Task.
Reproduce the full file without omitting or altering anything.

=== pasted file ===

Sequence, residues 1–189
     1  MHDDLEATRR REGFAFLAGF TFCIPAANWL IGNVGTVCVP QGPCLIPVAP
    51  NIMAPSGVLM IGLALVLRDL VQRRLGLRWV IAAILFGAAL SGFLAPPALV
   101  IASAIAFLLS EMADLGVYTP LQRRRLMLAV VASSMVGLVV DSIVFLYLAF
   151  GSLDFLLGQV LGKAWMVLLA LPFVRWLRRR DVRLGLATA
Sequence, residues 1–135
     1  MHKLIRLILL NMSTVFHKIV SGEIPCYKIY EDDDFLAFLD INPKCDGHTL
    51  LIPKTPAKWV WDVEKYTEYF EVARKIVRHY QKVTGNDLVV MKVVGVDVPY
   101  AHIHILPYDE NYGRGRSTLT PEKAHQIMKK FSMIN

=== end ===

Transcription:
Sequence, residues 1–189
     1  MHDDLEATRR REGFAFLAGF TFCIPAANWL IGNVGTVCVP QGPCLIPVAP
    51  NIMAPSGVLM IGLALVLRDL VQRRLGLRWV IAAILFGAAL SGFLAPPALV
   101  IASAIAFLLS EMADLGVYTP LQRRRLMLAV VASSMVGLVV DSIVFLYLAF
   151  GSLDFLLGQV LGKAWMVLLA LPFVRWLRRR DVRLGLATA
Sequence, residues 1–135
     1  MHKLIRLILL NMSTVFHKIV SGEIPCYKIY EDDDFLAFLD INPKCDGHTL
    51  LIPKTPAKWV WDVEKYTEYF EVARKIVRHY QKVTGNDLVV MKVVGVDVPY
   101  AHIHILPYDE NYGRGRSTLT PEKAHQIMKK FSMIN